Gout

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Figure 1:Tophaceous gout affecting the right great toe and finger interphalangeal joints. Note the asymmetrical swelling and yellow-white discolouration.[1]


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Editor-In-Chief: C. Michael Gibson, M.S., M.D. [1]; Associate Editor(s)-in-Chief: Cafer Zorkun, M.D., Ph.D. [2] Synonyms and Keywords: Urate crystal arthropathy; uric acid crystal deposition in joint; gouty arthritis; podagra

Overview

Historical Perspective

Pathophysiology

Differentiating Gout from other Diseases

Epidemiology and Demographics

Risk Factors

Screening

Natural History, Complications and Prognosis

Diagnosis

Staging | History and Symptoms | Physical Examination | Laboratory Findings | Electrocardiogram | X Ray | CT | MRI | Echocardiography or Ultrasound | Other Imaging Findings | Other Diagnostic Studies

Treatment

Medical Therapy | Surgery | Primary Prevention | Secondary Prevention | Cost-Effectiveness of Therapy | Future or Investigational Therapies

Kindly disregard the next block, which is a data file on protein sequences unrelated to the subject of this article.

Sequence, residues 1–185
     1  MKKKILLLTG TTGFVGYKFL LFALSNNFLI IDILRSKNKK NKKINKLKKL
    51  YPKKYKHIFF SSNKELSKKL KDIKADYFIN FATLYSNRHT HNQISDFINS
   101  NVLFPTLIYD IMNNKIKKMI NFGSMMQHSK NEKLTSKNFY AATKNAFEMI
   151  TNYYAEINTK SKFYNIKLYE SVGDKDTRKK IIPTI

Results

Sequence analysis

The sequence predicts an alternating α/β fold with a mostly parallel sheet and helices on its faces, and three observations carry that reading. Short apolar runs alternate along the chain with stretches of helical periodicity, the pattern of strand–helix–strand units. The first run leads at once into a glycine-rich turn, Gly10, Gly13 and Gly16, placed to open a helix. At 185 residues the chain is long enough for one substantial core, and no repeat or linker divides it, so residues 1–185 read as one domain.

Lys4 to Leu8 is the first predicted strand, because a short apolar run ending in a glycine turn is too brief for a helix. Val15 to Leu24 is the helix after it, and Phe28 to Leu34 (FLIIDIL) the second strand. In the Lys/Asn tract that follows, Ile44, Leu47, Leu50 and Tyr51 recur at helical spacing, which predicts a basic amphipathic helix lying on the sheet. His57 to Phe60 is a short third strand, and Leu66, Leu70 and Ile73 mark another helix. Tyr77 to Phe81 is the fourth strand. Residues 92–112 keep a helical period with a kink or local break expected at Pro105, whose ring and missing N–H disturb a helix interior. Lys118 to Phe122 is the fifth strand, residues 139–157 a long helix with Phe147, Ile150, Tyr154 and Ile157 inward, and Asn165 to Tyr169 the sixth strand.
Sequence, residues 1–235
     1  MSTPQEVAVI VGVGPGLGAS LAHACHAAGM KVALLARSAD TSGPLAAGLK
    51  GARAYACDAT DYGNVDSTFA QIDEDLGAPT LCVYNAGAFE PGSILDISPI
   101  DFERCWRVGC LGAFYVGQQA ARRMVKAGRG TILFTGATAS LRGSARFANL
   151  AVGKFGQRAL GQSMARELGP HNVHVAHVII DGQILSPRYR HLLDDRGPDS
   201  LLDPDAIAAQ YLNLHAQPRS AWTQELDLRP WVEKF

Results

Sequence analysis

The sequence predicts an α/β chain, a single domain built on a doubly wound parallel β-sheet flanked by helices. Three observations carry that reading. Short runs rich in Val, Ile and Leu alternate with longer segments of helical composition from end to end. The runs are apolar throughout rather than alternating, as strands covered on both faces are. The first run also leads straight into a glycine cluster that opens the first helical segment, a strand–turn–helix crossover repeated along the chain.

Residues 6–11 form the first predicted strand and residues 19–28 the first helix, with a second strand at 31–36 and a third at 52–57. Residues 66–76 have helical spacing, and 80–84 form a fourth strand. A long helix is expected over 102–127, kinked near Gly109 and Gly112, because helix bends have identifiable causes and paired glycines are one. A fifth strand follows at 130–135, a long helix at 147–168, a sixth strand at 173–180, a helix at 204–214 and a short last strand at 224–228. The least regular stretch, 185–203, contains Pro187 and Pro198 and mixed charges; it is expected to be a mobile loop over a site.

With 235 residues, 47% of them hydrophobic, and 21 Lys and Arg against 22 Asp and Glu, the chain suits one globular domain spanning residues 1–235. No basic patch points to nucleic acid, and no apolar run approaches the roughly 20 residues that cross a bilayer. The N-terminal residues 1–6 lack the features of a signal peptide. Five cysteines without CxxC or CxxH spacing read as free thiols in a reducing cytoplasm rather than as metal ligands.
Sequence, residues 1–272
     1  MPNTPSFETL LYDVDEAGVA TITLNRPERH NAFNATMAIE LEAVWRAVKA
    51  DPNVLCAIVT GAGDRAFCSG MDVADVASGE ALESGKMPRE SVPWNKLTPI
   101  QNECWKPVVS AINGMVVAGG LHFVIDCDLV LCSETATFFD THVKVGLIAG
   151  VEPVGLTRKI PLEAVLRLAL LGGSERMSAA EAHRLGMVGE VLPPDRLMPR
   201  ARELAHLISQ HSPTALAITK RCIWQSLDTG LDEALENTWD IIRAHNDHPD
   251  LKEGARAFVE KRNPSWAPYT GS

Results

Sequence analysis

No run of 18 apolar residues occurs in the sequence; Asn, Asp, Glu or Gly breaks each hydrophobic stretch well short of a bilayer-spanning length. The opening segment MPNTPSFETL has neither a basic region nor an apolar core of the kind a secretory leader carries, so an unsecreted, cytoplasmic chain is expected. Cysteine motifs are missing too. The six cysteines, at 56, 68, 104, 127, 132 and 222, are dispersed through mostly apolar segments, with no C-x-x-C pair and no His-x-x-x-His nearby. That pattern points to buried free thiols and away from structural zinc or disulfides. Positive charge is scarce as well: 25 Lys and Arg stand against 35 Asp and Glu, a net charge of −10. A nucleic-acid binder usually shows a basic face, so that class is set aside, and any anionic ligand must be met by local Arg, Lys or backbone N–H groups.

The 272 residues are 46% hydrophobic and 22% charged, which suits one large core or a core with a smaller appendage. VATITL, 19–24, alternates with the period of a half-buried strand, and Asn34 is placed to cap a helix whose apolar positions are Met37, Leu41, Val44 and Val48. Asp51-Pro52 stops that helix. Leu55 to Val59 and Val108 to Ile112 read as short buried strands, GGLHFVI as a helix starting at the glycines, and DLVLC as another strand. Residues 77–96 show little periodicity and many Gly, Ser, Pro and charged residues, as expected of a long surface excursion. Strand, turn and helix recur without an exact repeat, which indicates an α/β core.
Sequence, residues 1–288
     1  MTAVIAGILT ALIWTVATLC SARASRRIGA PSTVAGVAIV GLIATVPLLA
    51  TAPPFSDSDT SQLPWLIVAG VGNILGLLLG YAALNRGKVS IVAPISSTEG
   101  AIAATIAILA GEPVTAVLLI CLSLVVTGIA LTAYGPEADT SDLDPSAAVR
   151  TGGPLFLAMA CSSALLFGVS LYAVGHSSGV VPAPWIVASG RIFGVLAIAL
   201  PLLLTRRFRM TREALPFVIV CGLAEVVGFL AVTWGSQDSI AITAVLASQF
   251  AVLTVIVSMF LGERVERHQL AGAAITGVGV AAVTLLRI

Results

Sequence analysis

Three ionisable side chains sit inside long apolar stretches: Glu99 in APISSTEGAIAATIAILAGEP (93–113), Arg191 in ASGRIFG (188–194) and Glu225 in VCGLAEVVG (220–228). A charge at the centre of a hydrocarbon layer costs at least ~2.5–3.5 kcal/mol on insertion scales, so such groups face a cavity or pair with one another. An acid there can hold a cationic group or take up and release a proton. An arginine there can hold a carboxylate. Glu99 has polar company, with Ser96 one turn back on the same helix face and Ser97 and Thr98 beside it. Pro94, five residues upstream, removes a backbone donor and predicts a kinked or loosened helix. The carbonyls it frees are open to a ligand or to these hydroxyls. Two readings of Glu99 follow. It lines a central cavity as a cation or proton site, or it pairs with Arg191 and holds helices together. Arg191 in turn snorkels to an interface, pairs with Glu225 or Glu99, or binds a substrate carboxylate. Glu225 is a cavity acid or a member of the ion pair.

Clinical practice guidelines inform treatment[2].

Prognosis

Case Studies

Case #1

Related Chapter

External Links

  • "Answers and Questions on Gout". U.S. National Institutes of HealthNational Institute of Arthritis and Musculoskeletal and Skin Diseases. September 28th, 2007. Retrieved 2007-08-28. Check date values in: |date= (help)
  • "Coffee Consumption and Reduced Gout Risk". Drinking coffee reduces risk of gout in middle age men. U.S. National Institutes of Health. Retrieved 2007-05-25.

References

  1. Roddy, Edward (2011). "Revisiting the pathogenesis of podagra: why does gout target the foot?". Journal of Foot and Ankle Research. 4 (1). doi:10.1186/1757-1146-4-13. ISSN 1757-1146.
  2. FitzGerald JD, Dalbeth N, Mikuls T, Brignardello-Petersen R, Guyatt G, Abeles AM; et al. (2020). "2020 American College of Rheumatology Guideline for the Management of Gout". Arthritis Rheumatol. 72 (6): 879–895. doi:10.1002/art.41247. PMID 32390306 Check |pmid= value (help).



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